I want a Shel Silverstein in my collection too, partly because of the way he revolutionized poetry but mostly because his work will keep reminding me that I mustn't wax too lyrically with kids or I'll lose their interest. Shel brings me back to the real world quickly. I'll take his first book of poems Where the Sidewalk Ends (HarperCollins, 1987 ISBN 0060256680. Paperback, Hardcover.) but you take your favorite.
My next choice is one of many wonderful anthologies of poetry compiled by Paul B. Janeczko, The Place My Words Are Looking For: What Poets Say About and Through Their Work (Atheneum, 1990 ISBN 0027476715. Library Binding.). Janeczko's selections tend to be for older kids and this one gives you both the poems and the words of the poets who try to explain what they were trying to do in a particular poem or what inspired them to write it. If you work with kids from 4th grade up, you need Janeczko.
My seventh choice is one you probably have on your desk already. It's the wonderful anthology done by Jack Prelutsky and Arnold Lobel, The Random House Book of Poetry for Children (Random House, 1983 ISBN 0394850106. Hardcover.). Here you will find your old favorites and some new ones, five hundred of them and they're categorized by subjects like seasons and home. That makes it easy to find related poems. You'll have Post-its sticking all over it.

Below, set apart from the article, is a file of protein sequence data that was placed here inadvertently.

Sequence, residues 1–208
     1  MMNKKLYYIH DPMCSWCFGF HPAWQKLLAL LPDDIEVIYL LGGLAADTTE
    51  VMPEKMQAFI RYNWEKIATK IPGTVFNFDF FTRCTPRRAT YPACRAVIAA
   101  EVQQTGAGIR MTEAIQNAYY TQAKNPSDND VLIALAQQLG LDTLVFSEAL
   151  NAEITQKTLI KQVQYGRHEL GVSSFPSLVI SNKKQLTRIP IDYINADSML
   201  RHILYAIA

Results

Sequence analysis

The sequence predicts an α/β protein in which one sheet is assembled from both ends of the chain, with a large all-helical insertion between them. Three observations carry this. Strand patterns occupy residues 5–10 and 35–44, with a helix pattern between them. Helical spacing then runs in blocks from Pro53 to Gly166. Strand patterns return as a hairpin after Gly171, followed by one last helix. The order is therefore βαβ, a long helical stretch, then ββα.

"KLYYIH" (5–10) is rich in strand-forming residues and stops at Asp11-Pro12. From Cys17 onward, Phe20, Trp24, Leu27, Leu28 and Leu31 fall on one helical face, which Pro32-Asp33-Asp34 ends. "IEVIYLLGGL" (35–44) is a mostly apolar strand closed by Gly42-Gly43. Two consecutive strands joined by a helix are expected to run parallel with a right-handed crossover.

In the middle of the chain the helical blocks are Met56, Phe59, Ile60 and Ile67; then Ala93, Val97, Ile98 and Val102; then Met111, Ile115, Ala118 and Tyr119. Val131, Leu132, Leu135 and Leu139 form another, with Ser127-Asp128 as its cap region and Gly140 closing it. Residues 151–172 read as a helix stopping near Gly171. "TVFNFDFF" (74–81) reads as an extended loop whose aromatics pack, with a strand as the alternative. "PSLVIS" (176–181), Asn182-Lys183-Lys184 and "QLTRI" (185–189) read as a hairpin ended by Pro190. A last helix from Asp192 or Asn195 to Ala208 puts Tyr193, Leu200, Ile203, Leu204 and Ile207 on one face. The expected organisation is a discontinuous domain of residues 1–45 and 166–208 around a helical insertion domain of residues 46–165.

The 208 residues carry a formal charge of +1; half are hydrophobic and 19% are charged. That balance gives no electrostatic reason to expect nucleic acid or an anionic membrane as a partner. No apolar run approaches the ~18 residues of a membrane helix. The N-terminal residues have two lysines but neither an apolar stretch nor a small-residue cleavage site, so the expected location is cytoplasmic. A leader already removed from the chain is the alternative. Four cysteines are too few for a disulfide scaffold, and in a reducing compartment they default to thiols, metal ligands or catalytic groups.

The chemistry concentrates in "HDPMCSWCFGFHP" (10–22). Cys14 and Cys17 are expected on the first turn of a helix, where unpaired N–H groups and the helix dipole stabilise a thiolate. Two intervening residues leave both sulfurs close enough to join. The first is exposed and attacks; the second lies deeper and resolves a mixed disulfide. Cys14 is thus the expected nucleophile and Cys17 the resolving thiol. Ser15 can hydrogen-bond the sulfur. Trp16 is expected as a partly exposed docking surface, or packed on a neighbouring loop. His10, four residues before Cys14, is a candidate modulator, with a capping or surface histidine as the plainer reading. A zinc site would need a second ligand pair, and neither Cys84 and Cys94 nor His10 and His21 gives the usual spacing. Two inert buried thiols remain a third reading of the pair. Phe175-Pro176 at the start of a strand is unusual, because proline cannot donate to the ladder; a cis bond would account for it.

Another anthology that should be right where you can lay your hands on it is Beatrice Shenk de Regniers' Sing a Song of Popcorn: Every Child's Book of Poems (Scholastic, 1988 ISBN 059043974X. Library Binding.). It's a dynamite collection of poems illustrated by illustrators like Maurice Sendak, Leo & Diane Dillon and Arnold Lobel. The multiple artists make each turn of the page an adventure in viewing as well as listening. These categories are less objective than in the Prelutsky collection: spooky poems, mostly nonsense, and the like. Biographical information is included about poets and illustrators. You'll like it.
For a fun look at using an unusual viewpoint for the voice of the poet I love Button Up!: Wrinkled Rhymes by Alice Schertle. Illustrated by Petra Mathers. (2008, Harcourt. ISBN 9780152050504. Order Info.) Individual clothes are the first person narrators in this collection of charming poems. Titles include "Bob's Bicycle Helmet," "Jack's Soccer Jersey" and "Jamelia's Dress-up Clothes."